The ICRC submitted a draft recommendation to the Conference which was adopted and included in the final report. In it the Conference invited the governments signatory to the Geneva Conventions to enforce national legislation repressing misuse of the emblem or, where there was no such legislation, to enact it, and in particular to prescribe exemplary penalties for offenders. The ICRC and the National Societies were also urged to make similar representation to governments, in order to ensure that those governments properly fulfilled their obligations.

 2. Consultation on existing legislation  

In accordance with the wishes of the New Delhi Conference, and aware that the situation discussed at that Regional Conference was generalized, the ICRC decided to send circulars to all National Societies, asking them for information on their existing national legislation for prevention and repression of misuse of the emblem. [21 ]

In October 1977, Resolution XI of the Twenty-third International Conference of the Red Cross invited the governments of States party to the Geneva Conventions " to enforce effectively the existing national legislation " for the prevention and repression of improper use of the emblem and, where no such legislation existed, to enact it; and to prescribe adequate penalties for offenders. In the same resolution the Conference noted with satisfaction the ICRC's efforts in that direction, and asked it to continue them .[ 22 ]  

In spite of the ICRC's diligence and its reminders to National Societies, the results of the consultation were

disappointing: [23 ]  only 55 (44%) of the 125 Societies a pproached had replied to the Committee by 18 July 1981. 

Ultimately, however, the survey led to important conclusions. The first of these was that in most States party to the Geneva Conventions it is difficult to ascertain the exact position, probably because there is no national legislation to repress misuse of the emblem. According to certain ICRC documents, only about 50 States have any such legislation. [24 ] The National Societies of 45 of these States sent the ICRC copies of their national legislation on the subject or quoted extracts from it in their replies.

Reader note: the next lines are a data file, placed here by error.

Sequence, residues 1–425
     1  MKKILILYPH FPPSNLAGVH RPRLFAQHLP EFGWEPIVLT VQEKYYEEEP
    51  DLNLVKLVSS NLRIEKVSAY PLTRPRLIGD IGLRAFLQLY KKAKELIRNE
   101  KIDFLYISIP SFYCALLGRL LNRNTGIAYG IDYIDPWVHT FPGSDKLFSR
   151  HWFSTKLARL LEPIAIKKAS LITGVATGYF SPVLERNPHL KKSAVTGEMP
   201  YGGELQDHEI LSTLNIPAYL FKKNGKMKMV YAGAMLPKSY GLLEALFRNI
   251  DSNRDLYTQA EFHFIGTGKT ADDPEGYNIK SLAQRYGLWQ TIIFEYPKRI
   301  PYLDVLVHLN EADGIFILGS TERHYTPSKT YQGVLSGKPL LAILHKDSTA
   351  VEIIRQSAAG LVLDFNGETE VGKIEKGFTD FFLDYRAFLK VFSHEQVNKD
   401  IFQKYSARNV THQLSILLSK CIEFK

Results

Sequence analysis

Another important point is that in only 41 countries is the law on this subject rated effective, and even in some of these it is often broken. 

The survey shows that most of the misuse reported by National Societies appears to be related to health and medicine-pharmacies are often indicated by the red cross or red crescent emblem - and is usually due to ignorance of current regulations.

This prompts the conclusion that in all countries having the relevant national regulations, information drives making those regulations known would be the best way to prevent breaches and ensure respect for the emblem. In this the National Societies should co-operate with their governments as vigilant defenders of the emblem. 

Some National Societies pointed out that their national legislation should be updated as a consequence of the adoption in 1977 of the Protocols additional to the Geneva Conventions of 1949.[25 ]